Weather and Songbird Migration: April 27, 2016
By Dr. David Aborn

Magnolia warbler





CC BY-SA 2.0 / Bill_Majoros
Magnolia warbler
Rose-breasted grosbeak
Rose-breasted grosbeak
Black-throated gray warbler

CC BY-NC-ND 2.0 /Roy Brown
Black-throated gray warbler

Dear Journey North,

The birds keep arriving! Good weather for most of the week has allowed lots of migration to take place.

New Arrivals in the Gulf and Treats in the East
Among the new arrivals along the Gulf coast were Blackpoll Warblers, Magnolia Warblers, and Philadelphia Vireos. At my study site, I banded the first Veery, Gray Catbird, and American Redstart of the year, and Indigo Buntings have been around in good numbers. Farther north, birders in New York and Pennsylvania have been treated to an assortment of warblers, orioles and buntings, while Eastern Kingbirds showed up in Massachusetts.

Midwest Finally Getting in on the Fun
Birders in the northern Midwest have finally been able to get in on the fun, with lots of reports of Rose-breasted Grosbeaks, Blue-gray Gnatcatchers, and Baltimore Orioles in Wisconsin, Michigan, and Minnesota. Minnesota recorded its first Ruby-throated Hummingbird of the year!

More Good Movement in the West
Birds have been moving out west, too. Lots of Wilson's Warblers, Bullock’s Orioles, and Vaux's Swifts have been coming through Arizona, and southerly winds have helped push Warbling Vireos, Cassin's Vireos, and Black-throated gray Warblers into northern California, and Cassin's Vireos, House Wrens, and McGillivray's Warblers arrived in Montana.

Even Alaska continues to see new arrivals, with the first Orange-crowned Warblers showing up.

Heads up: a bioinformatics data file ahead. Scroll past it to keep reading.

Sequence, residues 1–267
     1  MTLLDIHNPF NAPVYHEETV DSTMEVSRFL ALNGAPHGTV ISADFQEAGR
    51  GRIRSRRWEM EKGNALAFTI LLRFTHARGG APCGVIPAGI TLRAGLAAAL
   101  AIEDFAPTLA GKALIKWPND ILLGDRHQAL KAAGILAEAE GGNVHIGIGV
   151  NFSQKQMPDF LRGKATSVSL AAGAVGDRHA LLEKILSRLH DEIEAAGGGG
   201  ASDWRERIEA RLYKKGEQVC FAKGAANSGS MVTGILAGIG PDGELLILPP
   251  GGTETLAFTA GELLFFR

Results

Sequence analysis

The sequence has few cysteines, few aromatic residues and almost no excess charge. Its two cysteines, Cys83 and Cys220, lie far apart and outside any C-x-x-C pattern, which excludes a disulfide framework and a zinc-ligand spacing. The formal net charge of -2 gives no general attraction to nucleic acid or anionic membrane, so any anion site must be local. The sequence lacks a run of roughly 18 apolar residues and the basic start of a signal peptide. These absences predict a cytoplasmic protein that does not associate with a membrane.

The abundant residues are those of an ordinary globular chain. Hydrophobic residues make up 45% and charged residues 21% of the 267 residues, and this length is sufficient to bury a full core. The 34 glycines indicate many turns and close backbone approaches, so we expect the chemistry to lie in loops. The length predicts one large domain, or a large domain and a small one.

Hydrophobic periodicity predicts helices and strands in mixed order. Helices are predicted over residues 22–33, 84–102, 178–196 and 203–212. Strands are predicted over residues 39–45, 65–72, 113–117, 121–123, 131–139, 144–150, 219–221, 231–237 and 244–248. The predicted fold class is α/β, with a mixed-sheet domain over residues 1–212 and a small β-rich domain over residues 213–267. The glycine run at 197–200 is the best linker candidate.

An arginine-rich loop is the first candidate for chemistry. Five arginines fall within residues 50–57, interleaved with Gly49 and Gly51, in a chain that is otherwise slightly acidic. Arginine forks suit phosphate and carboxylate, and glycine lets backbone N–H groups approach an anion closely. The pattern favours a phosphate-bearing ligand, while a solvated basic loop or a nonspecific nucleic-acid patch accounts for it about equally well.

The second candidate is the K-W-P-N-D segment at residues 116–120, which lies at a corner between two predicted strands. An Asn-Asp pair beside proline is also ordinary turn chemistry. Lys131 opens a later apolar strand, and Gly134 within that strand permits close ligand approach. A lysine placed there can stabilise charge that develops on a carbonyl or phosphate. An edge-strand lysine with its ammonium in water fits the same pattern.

Weather Map  
Dr. David Aborn, ornithologist  

This Week's Outlook
So what does the coming week look like? You should be weather and migration experts by now! Look at the map, and see what is happening.

  • In the eastern U.S., strong southerly winds will continue to help migrants along for another couple of days, but look at what is coming their way…another cold front. This front has been bringing big storms to the middle of the country, and look at what they have in the upper Great Plains…snow! That should tell you that there are strong north winds behind the front, so migrants will be grounded for a few days after the front passes.

  • Out west, there are clear skies and southerly winds, so those birds will be able to continue migrating for a couple of more days, but there is another front moving in from the Pacific. That means they will be grounded for a couple of days as well, so they had better get moving!

Next week will be my last report for the season, so enjoy the birding while you can!

Take care,

David Aborn
North Chickamauga Creek Conservancy
Chattanooga, TN

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